thumbnailFigure 3. Effect of CCl4 with or without prior administration of natansnin on Catalase levels in liver homogenate and mitochondria. Catalase levels were estimated in homogenate and mitochondrial fractions from control, CCl4 and natansnin (10 mg/kg, 20 mg/kg body weight) treated rats. Values are given as percent control, and are mean ± S.D. of at least four animals. 0.3 mg of homogenate protein and 0.1 mg of mitochondrial protein were used for each assay. Catalase activity is expressed as nmols of H2O2 consumed per min per mg protein. The control values in homogenate and mitochondria are 733.9 ± 38.9, 1453 ± 64.6 respectively. a = Statistical significant at P < 0.05 as compare to control, b = Statistical significant at P < 0.05 as compare to CCl4, c = Statistical significant at P < 0.05 as compare to CCl4+ natansnin (10 mg).

thumbnailFigure 4. Effect of CCl4 with or without prior administration of natansnin on SOD levels in liver homogenate and mitochondria. Superoxide dismutase levels were estimated in homogenate, mitochondrial fragment and pure mitochondria from control, CCl4 and natansnin (10 mg/kg, 20 mg/kg body weight) treated rats. Values are given as percent control, and are mean ± S.D. of at least four animals. 0.3 mg of homogenate protein and 0.1 mg protein of sample (mitochondrial fragment and mitochondria) were used for each assay. Super oxide dismutase activity is expressed as units per mg protein. The control values of super oxide dismutase of homogenate and mitochondrial fragment and intact mitochondria were 2.88 ± 0.19, 3.08 ± 0.21 and 4.73 ± 0.25 respectively. a = Statistical significant at P < 0.05 as compare to control, b = Statistical significant at P < 0.05 as compare to CCl4, c = Statistical significant at P < 0.05 as compare to CCl4+ natansnin (10 mg).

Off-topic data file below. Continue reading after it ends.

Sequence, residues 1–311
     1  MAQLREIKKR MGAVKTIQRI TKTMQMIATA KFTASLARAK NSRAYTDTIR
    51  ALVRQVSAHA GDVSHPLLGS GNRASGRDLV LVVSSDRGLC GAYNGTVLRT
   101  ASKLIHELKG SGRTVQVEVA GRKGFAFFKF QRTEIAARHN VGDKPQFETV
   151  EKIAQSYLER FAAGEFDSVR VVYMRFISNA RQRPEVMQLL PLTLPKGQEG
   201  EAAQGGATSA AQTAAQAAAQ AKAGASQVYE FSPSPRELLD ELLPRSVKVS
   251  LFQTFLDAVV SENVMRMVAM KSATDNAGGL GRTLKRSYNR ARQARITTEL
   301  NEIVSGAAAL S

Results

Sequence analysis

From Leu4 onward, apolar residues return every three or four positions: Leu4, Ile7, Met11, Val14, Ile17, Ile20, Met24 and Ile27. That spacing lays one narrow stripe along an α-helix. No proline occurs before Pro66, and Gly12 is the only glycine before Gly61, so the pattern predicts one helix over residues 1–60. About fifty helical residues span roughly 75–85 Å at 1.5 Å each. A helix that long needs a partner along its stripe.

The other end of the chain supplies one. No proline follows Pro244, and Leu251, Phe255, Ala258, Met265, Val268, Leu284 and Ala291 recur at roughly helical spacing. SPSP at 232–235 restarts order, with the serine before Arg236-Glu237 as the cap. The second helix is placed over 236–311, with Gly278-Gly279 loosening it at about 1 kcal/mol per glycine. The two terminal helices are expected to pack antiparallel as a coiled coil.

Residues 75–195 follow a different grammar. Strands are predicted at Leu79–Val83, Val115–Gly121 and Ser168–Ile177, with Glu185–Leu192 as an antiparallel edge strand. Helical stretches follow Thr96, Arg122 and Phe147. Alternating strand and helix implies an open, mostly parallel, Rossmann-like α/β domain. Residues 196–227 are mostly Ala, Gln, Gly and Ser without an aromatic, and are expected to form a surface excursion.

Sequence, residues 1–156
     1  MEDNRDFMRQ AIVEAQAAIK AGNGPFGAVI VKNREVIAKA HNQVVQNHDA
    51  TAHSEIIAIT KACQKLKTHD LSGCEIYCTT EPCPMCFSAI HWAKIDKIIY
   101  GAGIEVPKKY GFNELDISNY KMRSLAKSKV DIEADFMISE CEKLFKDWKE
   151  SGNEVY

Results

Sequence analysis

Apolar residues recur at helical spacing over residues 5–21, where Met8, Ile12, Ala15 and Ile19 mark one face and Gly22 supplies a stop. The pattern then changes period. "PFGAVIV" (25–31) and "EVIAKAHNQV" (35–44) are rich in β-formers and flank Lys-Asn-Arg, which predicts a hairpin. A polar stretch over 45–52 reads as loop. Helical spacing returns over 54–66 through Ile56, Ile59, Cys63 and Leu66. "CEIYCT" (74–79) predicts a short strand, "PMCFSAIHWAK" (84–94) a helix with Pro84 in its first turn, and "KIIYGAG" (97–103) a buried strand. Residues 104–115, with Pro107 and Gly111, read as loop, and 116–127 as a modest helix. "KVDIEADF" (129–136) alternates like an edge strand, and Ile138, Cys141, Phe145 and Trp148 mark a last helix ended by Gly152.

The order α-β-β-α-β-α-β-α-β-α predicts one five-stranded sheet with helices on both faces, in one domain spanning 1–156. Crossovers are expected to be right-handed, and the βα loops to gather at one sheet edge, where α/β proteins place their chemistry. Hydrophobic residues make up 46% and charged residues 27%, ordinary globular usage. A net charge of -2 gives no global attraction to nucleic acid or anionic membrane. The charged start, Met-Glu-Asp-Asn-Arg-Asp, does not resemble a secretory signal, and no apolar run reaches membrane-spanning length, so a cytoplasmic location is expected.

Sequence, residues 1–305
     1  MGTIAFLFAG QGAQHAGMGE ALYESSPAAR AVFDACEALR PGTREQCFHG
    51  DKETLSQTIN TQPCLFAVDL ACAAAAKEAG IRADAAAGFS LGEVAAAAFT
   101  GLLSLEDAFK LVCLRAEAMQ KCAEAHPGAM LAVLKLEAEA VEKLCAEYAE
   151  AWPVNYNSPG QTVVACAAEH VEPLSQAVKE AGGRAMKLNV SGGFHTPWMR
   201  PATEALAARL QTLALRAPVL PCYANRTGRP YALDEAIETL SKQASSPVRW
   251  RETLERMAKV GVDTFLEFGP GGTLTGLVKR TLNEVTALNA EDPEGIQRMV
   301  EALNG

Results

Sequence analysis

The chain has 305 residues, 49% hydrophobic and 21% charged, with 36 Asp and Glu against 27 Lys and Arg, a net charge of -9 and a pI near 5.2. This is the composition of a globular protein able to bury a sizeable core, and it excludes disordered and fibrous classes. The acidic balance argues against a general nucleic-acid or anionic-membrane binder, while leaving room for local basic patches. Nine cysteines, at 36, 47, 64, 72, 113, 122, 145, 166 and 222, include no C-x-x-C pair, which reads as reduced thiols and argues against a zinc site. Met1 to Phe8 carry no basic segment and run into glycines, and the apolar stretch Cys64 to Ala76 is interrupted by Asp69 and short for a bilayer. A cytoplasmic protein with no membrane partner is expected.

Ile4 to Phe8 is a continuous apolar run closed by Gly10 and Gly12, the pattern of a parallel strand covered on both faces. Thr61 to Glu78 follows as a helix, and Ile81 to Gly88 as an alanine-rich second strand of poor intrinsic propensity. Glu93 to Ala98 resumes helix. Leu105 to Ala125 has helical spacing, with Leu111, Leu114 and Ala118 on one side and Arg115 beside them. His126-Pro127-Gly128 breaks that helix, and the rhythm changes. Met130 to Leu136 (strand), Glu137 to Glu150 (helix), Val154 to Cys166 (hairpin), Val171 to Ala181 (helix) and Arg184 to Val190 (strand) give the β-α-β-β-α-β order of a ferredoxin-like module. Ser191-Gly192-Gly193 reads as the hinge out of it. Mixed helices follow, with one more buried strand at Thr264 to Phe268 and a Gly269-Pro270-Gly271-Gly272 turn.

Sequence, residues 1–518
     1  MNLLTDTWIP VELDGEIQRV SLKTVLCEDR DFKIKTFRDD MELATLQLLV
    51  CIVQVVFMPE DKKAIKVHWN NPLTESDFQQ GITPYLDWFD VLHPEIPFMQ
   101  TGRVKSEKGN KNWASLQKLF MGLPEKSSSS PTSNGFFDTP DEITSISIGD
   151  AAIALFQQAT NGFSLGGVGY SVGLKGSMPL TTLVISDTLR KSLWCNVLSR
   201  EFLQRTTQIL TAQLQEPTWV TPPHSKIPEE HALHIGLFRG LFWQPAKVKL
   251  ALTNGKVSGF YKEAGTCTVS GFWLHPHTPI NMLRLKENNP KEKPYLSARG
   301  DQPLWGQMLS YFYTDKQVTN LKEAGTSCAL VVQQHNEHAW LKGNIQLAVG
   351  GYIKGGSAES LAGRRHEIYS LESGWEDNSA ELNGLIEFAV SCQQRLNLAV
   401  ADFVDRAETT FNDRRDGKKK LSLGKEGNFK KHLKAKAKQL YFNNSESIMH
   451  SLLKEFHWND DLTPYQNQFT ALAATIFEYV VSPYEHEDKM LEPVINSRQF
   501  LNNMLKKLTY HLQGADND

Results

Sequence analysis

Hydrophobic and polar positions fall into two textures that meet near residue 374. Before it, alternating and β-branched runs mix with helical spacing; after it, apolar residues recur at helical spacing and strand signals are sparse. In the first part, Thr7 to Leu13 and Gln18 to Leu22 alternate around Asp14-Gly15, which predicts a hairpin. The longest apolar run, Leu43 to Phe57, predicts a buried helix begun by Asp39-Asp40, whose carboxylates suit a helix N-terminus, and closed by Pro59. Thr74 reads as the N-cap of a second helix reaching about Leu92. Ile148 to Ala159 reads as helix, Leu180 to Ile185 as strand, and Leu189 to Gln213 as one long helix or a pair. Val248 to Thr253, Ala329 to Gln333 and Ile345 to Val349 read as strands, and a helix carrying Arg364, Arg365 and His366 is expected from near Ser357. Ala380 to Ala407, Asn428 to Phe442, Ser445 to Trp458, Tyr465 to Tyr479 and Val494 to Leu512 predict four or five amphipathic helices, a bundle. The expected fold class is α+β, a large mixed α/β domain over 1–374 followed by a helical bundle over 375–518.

Natansnin restored cellular degeneration induced by CCl4

Paraffin wax sectioning and Haematoxylin-Eosin staining were performed for histopathological studies of rats. Haematoxylin-Eosin staining of control liver had normal cell morphology and is shown in Figure 5a and 5b. The histoarchitecture of hepatic cells of CCl4 challenged rats is shown in Figure 5c and 5d. The hepatic cells of natansnin and CCl4 treated rats are shown in Figure 5e and 5f. When compared to the histoarchitecture of the hepatocytes of control animals, hepatocytes of CCl4 challenged rats revealed extensive damage, characterized by the disruption of lattice nature of the hepatocyte, damaged cell membrane, degenerated nuclei and increased fatty vacuolation. In Group 4 and 5 rats (exposed to natansnin + CCl4), only minimal disruption of the hepatic cellular structure and less vacuolation were noticed. Prior administration of natansnin decreased the cellular degeneration, compared to CCl4 treated hepatocytes. Hepatocyte apoptosis in fixed liver specimens were analyzed by terminal dUTP nick- end labeling (TUNEL) assay. TUNEL sections of control, CCl4 treated and natansnin and CCl4 treated rats are shown in Figures 6a, b, c, d, e and 6f respectively. The number of TUNEL positive hepatocytes is more in CCl4 treated rats, when compared to controls indicating an increase in apoptotic degeneration of hepatocytes. Apoptosis in CCl4 treated liver was identified by the BrdU- FITC (green fluorescence at DNA nicks). BrdU-FITC is incorporated into the DNA breaks that were increased during free radical generation and apoptotic cell death pathway. Elevated levels of FITC fluorescent hepatocytes indicate the increased apoptosis of CCl4 treated liver hepatocytes over the control. The number of apoptotic cells was significantly reduced in both the concentrations of natansnin and CCl4 treated rats (6e and 6f) as evident from the decrease in TUNEL positive hepatocytes. Prior administration of natansnin decreased the number of apoptotic cells, when compared to CCl4 challenged hepatocytes (6c and 6d).

thumbnailFigure 5. Effect of CCl4 with or without prior administration of natansnin on histological characteristics. Haematoxylin and Eosin staining was performed in liver sections of control (a, b), CCl4 (c, d) and natansnin (10 mg/kg (e), 20 mg/kg (f) body weight) treated rats. An Arrow symbol represents fatty vacuoles and lattice nature of the hepatocytes.

thumbnailFigure 6. Effect of CCl4 with or without prior administration of natansnin on cell death. TUNEL analysis was performed for the location of the apoptotic cells in liver sections of control (a, b), CCl4 (c, d) and natansnin (10 mg/kg (e), 20 mg/kg (f) body weight) treated rats. TUNEL positive cells (apoptotic cells) indicated by arrows.

Natansnin reduced the levels of apoptotic and inflammatory proteins